On Marxism

Author: Himanshu Ranjan

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Karl Marx and Friedrich Engels together developed Marxism. Marx, an atheist had to live in exile in London due to his radical thoughts in the newspaper Vorwarts. Marx worked upon developing the concept of ‘dialectical materialism’. Marx found the model that relates to – the problem, the reaction to the problem, and the solution – has become too abstract and so he focused more upon real-world conditions of class, labour, and the socioeconomics that links them.

The Communist Manifesto and Das Kapital are the more famous works of Marx and Engels. Despite the derogatory attitude the word communal has got associated with – the word actually means a commune (a group of people who share and care). The Communist Manifesto gives primary importance to class struggle and class conflict. It observes the exploitation of labour class (proletarians) that are in majority by the bourgeoisie (pronounced bʊəʒwɑzi) or capitalist class that forms the minority. The exploitation results from the fact that the means of production are owned by a few. Hence, Marx tries to unite all the proletarians irrespective of the nations they belong to form a revolutionary group that is supposed to not reform but to abolish such an oppressive system.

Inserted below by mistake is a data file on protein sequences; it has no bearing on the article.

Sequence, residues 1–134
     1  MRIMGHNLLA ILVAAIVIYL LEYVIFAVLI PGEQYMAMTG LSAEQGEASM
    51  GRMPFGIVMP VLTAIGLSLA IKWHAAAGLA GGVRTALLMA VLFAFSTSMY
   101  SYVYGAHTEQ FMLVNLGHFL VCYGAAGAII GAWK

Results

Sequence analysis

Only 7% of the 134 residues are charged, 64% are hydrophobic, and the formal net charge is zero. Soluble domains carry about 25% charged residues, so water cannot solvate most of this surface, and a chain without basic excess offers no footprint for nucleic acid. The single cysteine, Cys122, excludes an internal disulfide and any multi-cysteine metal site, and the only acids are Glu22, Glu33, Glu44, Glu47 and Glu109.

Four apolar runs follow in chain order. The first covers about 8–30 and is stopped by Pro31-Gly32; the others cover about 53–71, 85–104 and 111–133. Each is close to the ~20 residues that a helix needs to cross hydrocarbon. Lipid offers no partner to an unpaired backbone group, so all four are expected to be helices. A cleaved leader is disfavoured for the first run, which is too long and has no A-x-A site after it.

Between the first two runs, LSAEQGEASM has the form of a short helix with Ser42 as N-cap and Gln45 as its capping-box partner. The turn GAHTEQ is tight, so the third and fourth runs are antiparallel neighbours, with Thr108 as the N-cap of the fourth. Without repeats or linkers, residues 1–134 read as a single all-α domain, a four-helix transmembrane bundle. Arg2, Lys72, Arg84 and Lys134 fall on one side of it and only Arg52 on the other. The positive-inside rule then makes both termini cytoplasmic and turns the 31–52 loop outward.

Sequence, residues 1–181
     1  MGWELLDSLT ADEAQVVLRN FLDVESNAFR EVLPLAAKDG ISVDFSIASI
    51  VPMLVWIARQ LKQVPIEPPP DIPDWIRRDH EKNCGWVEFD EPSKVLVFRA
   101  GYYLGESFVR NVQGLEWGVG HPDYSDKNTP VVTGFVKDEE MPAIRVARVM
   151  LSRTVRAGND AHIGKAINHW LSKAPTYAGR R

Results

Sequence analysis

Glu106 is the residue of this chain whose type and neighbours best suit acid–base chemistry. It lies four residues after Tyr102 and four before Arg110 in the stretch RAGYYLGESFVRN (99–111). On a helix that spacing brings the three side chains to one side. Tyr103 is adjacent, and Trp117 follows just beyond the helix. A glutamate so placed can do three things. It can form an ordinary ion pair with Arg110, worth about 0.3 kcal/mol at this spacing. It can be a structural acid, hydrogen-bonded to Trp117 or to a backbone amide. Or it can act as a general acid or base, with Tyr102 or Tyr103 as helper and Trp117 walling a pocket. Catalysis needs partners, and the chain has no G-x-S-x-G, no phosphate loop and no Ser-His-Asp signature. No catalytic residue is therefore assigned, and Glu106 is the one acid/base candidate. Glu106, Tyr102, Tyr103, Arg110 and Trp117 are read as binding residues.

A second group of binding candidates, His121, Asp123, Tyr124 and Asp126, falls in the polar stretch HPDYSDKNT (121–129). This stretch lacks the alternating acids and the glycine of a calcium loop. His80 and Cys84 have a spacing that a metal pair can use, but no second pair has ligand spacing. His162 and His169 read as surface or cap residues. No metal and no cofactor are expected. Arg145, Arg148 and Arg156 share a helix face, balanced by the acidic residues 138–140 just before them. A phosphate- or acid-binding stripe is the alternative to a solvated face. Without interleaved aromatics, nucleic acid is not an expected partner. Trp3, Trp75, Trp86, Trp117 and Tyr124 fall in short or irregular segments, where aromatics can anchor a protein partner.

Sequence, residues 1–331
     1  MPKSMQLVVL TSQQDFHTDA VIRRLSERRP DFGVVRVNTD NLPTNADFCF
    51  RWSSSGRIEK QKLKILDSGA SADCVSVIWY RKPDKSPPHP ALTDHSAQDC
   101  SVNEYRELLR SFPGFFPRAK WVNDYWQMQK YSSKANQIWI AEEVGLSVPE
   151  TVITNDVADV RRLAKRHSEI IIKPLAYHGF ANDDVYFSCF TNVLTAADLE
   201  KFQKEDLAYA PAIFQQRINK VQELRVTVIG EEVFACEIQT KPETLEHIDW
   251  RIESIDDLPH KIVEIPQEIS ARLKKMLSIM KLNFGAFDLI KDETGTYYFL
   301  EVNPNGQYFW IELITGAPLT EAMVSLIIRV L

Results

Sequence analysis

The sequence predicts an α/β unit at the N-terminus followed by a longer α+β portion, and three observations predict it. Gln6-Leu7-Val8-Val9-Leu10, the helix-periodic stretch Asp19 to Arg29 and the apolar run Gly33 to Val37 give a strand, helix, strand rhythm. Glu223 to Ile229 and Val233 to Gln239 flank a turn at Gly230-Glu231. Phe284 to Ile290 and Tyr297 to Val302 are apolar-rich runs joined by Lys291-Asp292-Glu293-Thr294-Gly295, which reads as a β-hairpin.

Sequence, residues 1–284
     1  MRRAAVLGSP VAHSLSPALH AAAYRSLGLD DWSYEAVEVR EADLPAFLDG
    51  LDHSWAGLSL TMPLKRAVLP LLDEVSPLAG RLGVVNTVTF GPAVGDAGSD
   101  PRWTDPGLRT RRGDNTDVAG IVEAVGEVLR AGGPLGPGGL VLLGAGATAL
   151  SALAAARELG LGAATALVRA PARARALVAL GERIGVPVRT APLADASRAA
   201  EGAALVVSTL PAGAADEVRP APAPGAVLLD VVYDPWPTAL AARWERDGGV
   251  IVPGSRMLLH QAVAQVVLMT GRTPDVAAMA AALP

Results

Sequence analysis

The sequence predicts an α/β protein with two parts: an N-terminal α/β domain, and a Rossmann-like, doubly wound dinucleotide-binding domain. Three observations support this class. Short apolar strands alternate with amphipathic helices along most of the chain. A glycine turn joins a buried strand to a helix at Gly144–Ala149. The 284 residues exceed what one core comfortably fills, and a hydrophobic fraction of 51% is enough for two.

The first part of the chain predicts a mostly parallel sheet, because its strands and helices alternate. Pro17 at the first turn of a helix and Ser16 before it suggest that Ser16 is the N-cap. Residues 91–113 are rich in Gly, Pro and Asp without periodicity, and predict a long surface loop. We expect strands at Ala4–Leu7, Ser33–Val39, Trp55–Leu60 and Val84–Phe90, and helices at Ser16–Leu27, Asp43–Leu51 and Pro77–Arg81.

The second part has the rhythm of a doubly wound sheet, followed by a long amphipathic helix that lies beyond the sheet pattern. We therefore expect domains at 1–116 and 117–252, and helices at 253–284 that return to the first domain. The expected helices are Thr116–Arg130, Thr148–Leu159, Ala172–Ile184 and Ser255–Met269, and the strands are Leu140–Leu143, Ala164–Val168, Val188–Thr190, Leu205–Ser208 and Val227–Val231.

Marx advocates that rich people should be taxed higher, private properties should be abolished, public education should be free, banks should be nationalised, and the means of production should be publicly owned. It should be noted however that Marx believed not in the state but society. The means of production should be owned by society as a whole. He dreams of a stateless and classless society.

In their work Das Kapital, Marx and Engels show the flaws of a capitalist system. The class struggle is inherent in such a system as the profits are shared among a few shareholders. Marx believes such a system shall be short-lived and a revolution by the proletarians shall ultimately lead to a socialist mode of production. Marx thought to create a system in which the profits instead of getting shared among a few shareholders who own the means of production shall get distributed to the proletarians through socialism – a new set of laws that discourages the private ownership of the means of production.

Marx points out that the aim of the bourgeoisie is to yield as much surplus value from the proletarians and thus keep accumulating capital for a few shareholders. This leads to the exploitation of the labour class and the resulting conflict though latently present has the potential to become a revolution in order to abolish such a system.

Adam Smith in his work ‘An Inquiry into the Nature and Causes of the Wealth of Nations’ describes self-interest as the motive among both the proletarians and the bourgeoisie to specialize and compete.

Marx had an influence on many leaders including Vladimir Lenin, Mao Zedong, Fidel Castro, and Nelson Mandela. He had also read Adam Smith’s work and understood well that the self-interest and free-market concept leads to the exploitation of the proletarians.